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Google executive questioned over Brazil election video

Published Sep 27, 2012 09:07am


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Google Inc's logo is shown on a screen – File photo by Reuters

SAO PAULO: Google Inc's  most senior executive in Brazil was questioned by police and released on Wednesday after the company failed to take down a YouTube video attacking a mayoral candidate in alleged violation of electoral law.

Google is appealing the charges against Fábio José Silva Coelho, who was brought in by federal police in São Paulo and released after he agreed to cooperate with the case, according to a police statement.

"Google is providing clarification to legal authorities," a spokesman for the company in São Paulo said on Wednesday.

The questioning came a day after a state court in São Paulo banned an online video that sparked violent protests across the Muslim world, giving Google 10 days to pull the video from its YouTube unit. Google has not been formally notified about that case, according to a spokesman for the company.

Taken together, the legal scrutiny represents the strongest pressure Google has yet faced in Brazil to control third-party content uploaded to its websites and the first time its senior executives have come under such intense fire.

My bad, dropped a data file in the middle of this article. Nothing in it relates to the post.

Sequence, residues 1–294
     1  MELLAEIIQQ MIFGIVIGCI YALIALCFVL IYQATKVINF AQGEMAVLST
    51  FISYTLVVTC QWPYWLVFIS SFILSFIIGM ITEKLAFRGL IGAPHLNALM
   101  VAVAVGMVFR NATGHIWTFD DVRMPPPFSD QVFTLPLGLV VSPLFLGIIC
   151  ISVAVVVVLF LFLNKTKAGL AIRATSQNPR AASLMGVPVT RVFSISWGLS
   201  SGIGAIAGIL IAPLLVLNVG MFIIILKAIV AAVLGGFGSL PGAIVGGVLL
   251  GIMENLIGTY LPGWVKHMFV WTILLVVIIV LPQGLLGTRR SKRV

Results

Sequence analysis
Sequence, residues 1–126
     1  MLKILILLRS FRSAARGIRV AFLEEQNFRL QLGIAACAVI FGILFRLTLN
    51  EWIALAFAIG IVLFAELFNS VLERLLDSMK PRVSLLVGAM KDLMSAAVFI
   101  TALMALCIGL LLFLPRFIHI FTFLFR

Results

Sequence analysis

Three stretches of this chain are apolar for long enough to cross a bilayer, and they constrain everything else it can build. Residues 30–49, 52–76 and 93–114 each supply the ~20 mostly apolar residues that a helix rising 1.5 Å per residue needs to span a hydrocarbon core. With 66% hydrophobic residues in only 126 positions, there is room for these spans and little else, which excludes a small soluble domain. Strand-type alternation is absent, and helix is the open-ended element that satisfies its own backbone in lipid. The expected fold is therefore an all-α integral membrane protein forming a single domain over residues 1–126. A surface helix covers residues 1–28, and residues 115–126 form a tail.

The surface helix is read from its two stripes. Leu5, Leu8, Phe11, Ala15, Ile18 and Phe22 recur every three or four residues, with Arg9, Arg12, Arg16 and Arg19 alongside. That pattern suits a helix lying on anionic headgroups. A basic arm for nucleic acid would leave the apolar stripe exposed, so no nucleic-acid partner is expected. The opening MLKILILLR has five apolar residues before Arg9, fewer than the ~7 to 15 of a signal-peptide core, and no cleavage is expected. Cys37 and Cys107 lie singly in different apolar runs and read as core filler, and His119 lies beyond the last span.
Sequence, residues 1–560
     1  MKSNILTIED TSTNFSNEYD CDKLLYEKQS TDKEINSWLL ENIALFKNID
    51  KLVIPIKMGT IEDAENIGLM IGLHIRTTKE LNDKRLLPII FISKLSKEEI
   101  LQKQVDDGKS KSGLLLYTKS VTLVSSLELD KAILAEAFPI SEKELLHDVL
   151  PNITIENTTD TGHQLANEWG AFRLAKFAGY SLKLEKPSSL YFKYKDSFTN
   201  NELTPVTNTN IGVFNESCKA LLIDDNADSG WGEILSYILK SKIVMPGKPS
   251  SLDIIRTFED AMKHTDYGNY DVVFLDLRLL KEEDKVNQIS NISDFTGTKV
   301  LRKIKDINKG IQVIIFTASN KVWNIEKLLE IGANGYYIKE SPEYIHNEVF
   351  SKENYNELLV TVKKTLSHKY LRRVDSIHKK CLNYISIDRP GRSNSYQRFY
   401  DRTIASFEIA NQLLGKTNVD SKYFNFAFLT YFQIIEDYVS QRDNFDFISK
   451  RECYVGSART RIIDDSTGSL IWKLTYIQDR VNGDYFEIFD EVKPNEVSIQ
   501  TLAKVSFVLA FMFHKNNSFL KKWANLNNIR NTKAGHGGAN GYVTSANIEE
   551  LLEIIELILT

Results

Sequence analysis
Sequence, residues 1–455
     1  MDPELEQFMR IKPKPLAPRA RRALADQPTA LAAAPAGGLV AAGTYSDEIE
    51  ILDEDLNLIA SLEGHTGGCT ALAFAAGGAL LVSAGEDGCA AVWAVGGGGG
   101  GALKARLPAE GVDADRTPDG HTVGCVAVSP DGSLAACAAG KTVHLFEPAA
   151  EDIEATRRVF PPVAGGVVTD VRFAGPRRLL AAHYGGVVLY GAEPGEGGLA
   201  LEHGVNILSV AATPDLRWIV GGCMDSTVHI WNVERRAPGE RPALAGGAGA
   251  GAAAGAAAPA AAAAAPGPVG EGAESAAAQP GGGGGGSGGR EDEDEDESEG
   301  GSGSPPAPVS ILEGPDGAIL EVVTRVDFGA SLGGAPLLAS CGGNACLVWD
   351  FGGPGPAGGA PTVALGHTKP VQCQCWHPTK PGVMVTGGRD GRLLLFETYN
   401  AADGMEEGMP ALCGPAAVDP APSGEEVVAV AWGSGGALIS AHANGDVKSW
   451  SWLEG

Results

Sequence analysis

Rather than reflecting a coherent national policy, however, the cases illustrate how aggrieved citizens can get a sympathetic hearing from local judges with extensive procedural powers.


Coelho was questioned over a case filed in the western state of Mato Grosso do Sul, where a regional electoral court ruled that the executive was at fault for the company's failure to take down online videos in violation of a stringent 1965 Electoral Code.

Brazilian electoral law bans campaign ads that "offend the dignity or decorum" of a candidate. The video in question claimed that a mayoral candidate demanded his lover get an abortion, publicizing the details of an alleged paternity suit.

"Google is appealing the decision that ordered the removal of the video on YouTube because, as a platform, Google is not responsible for the content posted to its site," the company said through a spokesman in Brazil on Tuesday.

Even if Google is not at fault for the publication of such a video, the company may be held responsible for not removing content declared by illegal by a judge, according to Leonardo Palhares, a lawyer specializing in internet law at Almeida Advogados in São Paulo.

Federal police said the crime of disobeying a judge's ruling under the Electoral Code can carry a sentence of up to one year in prison.

The ruling follows a similar decision by another electoral judge in the northeastern state of Paraiba, which also held a senior Google executive responsible for videos in violation of elections law. That decision was overturned last week.


Brazil also entered a broader international debate this week about an inflammatory YouTube video depicting the Prophet Mohammad as a womanizer, fool and child abuser, when a state court in Sao Paulo ordered Google to take down the video.

World leaders have decried the video, which set off a string of violent protests in the Muslim world, including attacks on U.S. embassies in Egypt, Libya and Yemen. Several Muslim leaders called for international action to outlaw acts of blasphemy.